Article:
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Steppes form one of the largest biomes. Drastic changes in steppe ecology, land use and livelihoods came with the emergence, and again with the collapse, of communist states. Excessive ploughing and vast influx of people into the steppe zone led to a strong decline in nomadic pastoralism in the Soviet Union and China and in severely degraded steppe ecosystems. In Mongolia nomadic pastoralism persisted, but steppes degraded because of strongly increased livestock loads. After the Soviet collapse steppes regenerated on huge tracts of fallow land. Presently, new, restorative steppe land management schemes are applied. On top of all these changes come strong effects of climate change in the northern part of the steppe zone. This book gives an up-to-date overview of changes in ecology, climate and use of the entire Eurasian steppe area and their effects on livelihoods of steppe people. It integrates knowledge that so far was available only in a spectrum of locally used languages.
From its inception, the U.S. Department of the Interior has been charged with a conflicting mission. One set of statutes demands that the department must develop America's lands, that it get our trees, water, oil, and minerals out into the marketplace. Yet an opposing set of laws orders us to conserve these same resources, to preserve them for the long term and to consider the noncommodity values of our public landscape. That dichotomy, between rapid exploitation and long-term protection, demands what I see as the most significant policy departure of my tenure in office: the use of science-interdisciplinary science-as the primary basis for land management decisions. For more than a century, that has not been the case. Instead, we have managed this dichotomy by compartmentalizing the American landscape. Congress and my predecessors handled resource conflicts by drawing enclosures: "We'll create a national park here," they said, "and we'll put a wildlife refuge over there." Simple enough, as far as protection goes. And outside those protected areas, the message was equally simplistic: "Y'all come and get it. Have at it." The nature and the pace of the resource extraction was not at issue; if you could find it, it was yours.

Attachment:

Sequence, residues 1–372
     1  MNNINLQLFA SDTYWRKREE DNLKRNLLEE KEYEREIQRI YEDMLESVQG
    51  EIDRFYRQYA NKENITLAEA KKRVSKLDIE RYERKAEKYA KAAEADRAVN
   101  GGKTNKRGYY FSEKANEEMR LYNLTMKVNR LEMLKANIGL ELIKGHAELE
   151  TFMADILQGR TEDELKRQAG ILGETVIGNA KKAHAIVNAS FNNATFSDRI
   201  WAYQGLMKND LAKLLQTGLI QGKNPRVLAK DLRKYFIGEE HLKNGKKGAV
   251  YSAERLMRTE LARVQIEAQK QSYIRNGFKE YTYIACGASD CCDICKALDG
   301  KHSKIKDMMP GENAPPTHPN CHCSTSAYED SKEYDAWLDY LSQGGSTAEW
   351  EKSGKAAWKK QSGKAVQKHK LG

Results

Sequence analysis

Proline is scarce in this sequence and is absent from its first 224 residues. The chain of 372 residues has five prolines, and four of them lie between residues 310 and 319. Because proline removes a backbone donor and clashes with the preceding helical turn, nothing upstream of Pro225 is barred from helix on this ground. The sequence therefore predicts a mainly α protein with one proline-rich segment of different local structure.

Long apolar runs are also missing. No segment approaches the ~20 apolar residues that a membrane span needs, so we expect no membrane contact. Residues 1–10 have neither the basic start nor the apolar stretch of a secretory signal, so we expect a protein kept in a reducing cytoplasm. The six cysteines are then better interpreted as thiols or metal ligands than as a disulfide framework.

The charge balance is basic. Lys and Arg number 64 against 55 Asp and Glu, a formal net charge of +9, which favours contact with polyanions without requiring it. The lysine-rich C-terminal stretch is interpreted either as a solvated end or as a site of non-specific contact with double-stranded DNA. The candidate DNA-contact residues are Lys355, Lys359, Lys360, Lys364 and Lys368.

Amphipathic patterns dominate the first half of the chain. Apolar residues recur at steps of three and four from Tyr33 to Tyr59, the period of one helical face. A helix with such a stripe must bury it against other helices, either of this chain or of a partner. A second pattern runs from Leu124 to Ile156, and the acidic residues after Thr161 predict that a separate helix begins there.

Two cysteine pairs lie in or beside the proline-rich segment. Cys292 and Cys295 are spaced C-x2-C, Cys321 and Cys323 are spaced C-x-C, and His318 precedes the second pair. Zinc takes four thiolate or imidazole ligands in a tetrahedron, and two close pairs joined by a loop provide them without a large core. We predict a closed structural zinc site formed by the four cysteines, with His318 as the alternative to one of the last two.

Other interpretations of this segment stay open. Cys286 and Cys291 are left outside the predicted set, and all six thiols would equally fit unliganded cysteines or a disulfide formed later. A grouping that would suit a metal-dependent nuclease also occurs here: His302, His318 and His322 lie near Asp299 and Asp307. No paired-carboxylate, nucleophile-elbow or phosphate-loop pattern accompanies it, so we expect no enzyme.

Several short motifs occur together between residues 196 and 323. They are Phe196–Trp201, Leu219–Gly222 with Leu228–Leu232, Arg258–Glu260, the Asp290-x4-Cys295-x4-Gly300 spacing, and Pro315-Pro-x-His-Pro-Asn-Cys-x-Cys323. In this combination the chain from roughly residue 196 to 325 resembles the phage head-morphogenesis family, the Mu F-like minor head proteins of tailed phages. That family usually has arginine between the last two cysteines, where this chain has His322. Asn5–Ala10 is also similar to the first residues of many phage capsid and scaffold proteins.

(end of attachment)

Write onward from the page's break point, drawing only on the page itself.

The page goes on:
This book describes the vision of a "Green Revolution" proposed by Peter Maurin, co-founder with Dorothy Day of the Catholic Worker Movement. Peter's vision may be described as a new lay ecological monasticism for individuals and families. His program included three interrelated projects: 1) creation of rural ecovillages pursuing prayer, study, and agriculture; 2) creation of urban houses of hospitality to welcome the marginalized poor; and 3) ecological universities in which workers would become scholars and scholars would become workers. Peter saw the entire program as part of the search for a post-capitalist and post-Marxist new civilization, yet one rooted in ancient human spiritual, social, and ecological traditions.
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